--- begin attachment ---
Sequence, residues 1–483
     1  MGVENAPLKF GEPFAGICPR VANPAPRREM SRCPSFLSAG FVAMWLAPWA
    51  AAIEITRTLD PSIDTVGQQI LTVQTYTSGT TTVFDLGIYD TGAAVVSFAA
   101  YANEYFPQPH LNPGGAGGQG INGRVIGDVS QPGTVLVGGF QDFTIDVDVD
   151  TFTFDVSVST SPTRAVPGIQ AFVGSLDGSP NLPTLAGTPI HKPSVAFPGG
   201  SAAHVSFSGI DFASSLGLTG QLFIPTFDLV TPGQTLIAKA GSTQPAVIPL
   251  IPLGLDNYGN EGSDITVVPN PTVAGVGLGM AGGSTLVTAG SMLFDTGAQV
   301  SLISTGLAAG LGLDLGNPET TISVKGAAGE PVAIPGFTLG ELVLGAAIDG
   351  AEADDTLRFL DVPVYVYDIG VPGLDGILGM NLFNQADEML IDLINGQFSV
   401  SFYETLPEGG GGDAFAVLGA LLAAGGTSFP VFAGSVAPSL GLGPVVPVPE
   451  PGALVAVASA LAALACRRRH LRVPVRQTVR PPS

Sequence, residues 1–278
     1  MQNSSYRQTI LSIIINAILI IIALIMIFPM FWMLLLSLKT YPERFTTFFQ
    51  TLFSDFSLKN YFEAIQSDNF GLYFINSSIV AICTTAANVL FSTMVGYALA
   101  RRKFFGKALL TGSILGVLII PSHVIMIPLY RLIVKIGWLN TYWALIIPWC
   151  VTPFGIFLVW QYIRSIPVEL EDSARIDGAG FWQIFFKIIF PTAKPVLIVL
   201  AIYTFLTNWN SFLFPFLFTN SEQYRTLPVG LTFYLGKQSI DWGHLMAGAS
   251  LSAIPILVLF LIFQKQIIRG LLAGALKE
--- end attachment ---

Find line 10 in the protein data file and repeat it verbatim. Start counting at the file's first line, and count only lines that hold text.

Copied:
   401  SFYETLPEGG GGDAFAVLGA LLAAGGTSFP VFAGSVAPSL GLGPVVPVPE